Over the past week, Israeli incursions to the site of the Al-Aqsa Mosque and raids continued on the occupied East Jerusalem neighborhood, Sheikh Jarrah, while a brutal Israeli military offensive in the blocked Gaza Strip has left many Palestinians dead.
But it has also taken root in an extraordinary phenomenon inside Israel, where thousands of Palestinian citizens from so-called “mixed” cities, towns, and cities have taken to the streets to assert their identities while living in a self-defined Jewish state.
“What is remarkable is that within the 48 [modern-day Israel, with reference to the 1948 declaration of the state]Palestinians who have long been ignored or considered ‘Israeli Arabs’ are powerfully reaffirming that they are Palestinians, ”said Layla Hallaq, a Haifa-based Palestinian activist.
Hallaq told Al Jazeera that the current demonstrations are “unprecedented” and are characterized by a movement of popular solidarity between Palestinians in Israel, the West Bank and the Gaza Strip, as well as in the diaspora.
“Their protests are not only supportive, but a shared cause and mutual pain that all Palestinians experience.”
With a fifth of Israel’s population, the Palestinian citizens of Israel are approximately 1.6 million people today.
Unlike most Palestinians, they were ethnically cleansed by Zionist paramilitaries before and during the creation of the State of Israel in 1948, these Palestinians are descendants of those who managed to remain in their cities and towns or were internally displaced.
They are sometimes referred to as the “1948 Palestinians” in reference to their location within a territory that was taken by force to establish the state of Israel. The territory is also described as “within the green line,” in reference to the line that delimits Israel from the occupied Palestinian territories under its control.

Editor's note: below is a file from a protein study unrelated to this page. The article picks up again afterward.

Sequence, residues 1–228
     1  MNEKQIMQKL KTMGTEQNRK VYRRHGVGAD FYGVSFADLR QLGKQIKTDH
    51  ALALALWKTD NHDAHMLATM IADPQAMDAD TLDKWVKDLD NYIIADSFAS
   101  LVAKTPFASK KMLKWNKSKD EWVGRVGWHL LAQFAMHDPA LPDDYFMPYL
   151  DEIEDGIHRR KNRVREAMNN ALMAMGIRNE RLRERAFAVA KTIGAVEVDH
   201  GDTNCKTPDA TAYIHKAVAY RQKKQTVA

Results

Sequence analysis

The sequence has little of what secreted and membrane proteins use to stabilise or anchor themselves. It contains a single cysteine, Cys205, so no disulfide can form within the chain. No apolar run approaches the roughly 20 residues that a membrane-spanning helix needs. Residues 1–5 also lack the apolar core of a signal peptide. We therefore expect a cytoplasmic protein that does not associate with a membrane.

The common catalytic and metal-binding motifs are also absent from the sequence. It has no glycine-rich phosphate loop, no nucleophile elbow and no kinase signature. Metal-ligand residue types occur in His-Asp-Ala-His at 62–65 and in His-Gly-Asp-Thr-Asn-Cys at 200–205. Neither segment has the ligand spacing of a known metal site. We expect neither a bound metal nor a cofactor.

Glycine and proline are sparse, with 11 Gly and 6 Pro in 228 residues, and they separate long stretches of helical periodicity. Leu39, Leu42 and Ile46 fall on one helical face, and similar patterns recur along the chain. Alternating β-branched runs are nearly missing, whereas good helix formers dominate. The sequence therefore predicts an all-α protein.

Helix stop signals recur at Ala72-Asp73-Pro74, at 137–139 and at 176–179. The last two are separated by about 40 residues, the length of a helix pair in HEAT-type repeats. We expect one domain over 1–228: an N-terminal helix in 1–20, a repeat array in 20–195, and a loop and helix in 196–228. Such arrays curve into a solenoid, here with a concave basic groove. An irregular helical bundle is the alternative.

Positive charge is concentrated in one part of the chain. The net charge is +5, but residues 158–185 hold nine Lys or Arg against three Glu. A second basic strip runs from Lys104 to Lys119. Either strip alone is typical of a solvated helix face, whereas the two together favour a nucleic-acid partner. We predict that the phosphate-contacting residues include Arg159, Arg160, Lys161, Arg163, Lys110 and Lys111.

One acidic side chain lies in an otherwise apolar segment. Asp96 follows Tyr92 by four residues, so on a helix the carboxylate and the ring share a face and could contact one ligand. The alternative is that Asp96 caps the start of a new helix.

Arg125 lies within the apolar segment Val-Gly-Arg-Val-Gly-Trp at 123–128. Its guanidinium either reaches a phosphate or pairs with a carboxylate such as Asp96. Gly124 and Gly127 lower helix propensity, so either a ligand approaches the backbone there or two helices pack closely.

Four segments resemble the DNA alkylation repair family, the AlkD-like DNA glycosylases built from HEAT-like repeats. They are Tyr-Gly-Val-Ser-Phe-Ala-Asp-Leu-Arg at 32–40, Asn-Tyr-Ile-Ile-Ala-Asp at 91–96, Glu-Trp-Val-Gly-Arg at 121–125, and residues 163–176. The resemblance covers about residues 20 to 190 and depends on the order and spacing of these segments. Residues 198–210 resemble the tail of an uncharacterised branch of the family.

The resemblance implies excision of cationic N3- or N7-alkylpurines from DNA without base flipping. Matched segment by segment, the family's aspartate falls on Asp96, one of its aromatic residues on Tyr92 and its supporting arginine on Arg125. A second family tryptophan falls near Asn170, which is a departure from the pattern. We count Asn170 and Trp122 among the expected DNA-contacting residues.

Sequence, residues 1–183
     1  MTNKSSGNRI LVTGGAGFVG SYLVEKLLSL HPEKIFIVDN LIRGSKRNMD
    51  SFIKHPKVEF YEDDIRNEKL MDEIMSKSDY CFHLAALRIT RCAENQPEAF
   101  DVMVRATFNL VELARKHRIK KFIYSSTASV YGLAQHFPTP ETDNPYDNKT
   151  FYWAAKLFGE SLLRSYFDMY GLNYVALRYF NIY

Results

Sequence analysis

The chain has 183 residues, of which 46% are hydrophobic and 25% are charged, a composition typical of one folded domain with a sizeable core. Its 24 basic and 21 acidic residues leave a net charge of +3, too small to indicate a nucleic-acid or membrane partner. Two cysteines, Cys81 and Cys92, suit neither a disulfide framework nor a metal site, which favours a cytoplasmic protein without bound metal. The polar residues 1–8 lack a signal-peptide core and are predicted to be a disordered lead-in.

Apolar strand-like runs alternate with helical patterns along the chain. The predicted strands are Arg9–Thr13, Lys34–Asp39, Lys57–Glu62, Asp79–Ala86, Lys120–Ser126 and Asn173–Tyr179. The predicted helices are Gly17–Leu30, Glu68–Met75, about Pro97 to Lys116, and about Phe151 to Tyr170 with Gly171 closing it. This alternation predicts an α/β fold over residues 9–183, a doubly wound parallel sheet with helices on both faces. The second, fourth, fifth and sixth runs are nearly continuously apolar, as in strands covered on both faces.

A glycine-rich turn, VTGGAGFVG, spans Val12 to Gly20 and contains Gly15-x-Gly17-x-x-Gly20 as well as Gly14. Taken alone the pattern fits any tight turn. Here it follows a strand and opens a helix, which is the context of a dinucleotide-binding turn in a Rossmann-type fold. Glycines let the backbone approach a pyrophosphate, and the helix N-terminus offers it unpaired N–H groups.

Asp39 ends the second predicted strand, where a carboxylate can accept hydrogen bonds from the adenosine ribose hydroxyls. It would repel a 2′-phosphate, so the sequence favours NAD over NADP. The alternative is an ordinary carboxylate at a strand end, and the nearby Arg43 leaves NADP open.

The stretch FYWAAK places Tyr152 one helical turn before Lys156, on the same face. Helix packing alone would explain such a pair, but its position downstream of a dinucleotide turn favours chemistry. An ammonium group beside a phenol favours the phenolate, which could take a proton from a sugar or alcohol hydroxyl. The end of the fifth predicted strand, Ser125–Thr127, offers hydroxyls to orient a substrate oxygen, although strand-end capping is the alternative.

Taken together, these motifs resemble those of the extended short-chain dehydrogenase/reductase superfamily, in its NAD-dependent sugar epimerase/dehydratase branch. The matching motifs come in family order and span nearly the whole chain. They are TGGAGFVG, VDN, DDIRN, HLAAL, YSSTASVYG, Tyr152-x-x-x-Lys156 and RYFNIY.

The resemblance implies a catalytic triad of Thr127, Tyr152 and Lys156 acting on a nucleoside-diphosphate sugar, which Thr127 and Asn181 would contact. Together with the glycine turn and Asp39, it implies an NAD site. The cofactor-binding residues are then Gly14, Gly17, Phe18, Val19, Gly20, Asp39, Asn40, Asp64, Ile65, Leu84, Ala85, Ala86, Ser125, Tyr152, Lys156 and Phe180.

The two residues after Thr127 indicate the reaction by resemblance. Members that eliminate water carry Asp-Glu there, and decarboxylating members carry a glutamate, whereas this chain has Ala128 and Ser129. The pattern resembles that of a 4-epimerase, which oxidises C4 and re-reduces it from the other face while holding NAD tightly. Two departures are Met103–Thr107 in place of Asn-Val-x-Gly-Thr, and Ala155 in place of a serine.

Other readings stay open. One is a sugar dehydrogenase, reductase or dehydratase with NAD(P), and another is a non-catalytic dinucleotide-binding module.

Despite having Israeli citizenship, rights groups have done so documented several dozen Israeli laws that discriminate against Palestinian state citizens on a wide range of issues, including education, housing, political participation, and due process. They are treated as second and third class citizens.
Over the past week, Palestinian protests have taken place in cities across Israel, from the Naqab Desert (Negev) in the south, to Ramla, Yafa and Lydd (Lod in Hebrew) in the center of the country, to in the “Triangle” ”In Haifa and Nazareth, in the north.
Protesters gathered in solidarity with the Palestinians families in Sheikh Jarrah, facing imminent displacement, and against the Israeli attack on the Al-Aqsa enclosure, which left hundreds of Palestinians injured.
It is not the first time Palestinian citizens of Israel have protested against Israeli policies.
In 1976, six Palestinians were shot dead in protest of the massive Israeli expropriation of land, an event known as Earth Day and is commemorated annually on March 30th. As of October 2000, 13 Palestinians were shot when they joined the Second Intifada, triggered by the visit of then-Prime Minister Ariel Sharon to the Al-Aqsa compound.
However, Israel has historically pursued a policy of fragmenting the Palestinian population under its control, both within the country and in the Occupied Palestinian Territories, making sustained demonstrations of solidarity between Palestinians in various parts of historic Palestine even more difficult.
But experts have said continued protests in Israel demonstrate the real connection of the Palestinians.
“Recent events highlight not only the unity of the colonial oppression system, but also the unity of the Palestinian struggle,” Nimer Sultany, a public law lecturer at the Faculty of Oriental and African Studies, told Al Jazeera. the University of London.
“As in previous rounds of protests, as in October 2000, Palestinian protesters in the 1948 areas showed in practice the need and practice of an anti-colonial struggle.”
Sultany said Israel’s policy of maintaining one Jewish majority within the Green Line is no different from its demographic engineering in the occupied West Bank and East Jerusalem, where it works to expel Palestinians from their lands and impose a Jewish presence.
“The colonial goal of maintaining” Jewish demographic control “or” Jewish sovereignty “and the trial of Palestine is the same in the West Bank and East Jerusalem as in Naqab (Negev), al-Khalil (Galilee), the” mixed cities ” “” and the Triangle, “he said.
An example is the city of Lydd, a city about 25 km from Tel Aviv, which has now become a point of protest. The city, once populated by 19,000 Palestinians before Israel was formed, was ethnically cleansed of most of its residents in July 1948. More than 200 died in the massacre, in which the former Israeli prime minister took part. Yitzhak Rabin.
Lydd currently has a population of 77,000, 30% of whom are Palestinians. For years, Palestinian residents have complained about institutional racism, which feeds marginalization and poverty. Hard-line Jewish settlers have also been displacing from the occupied West Bank since 2004, feeding tensions.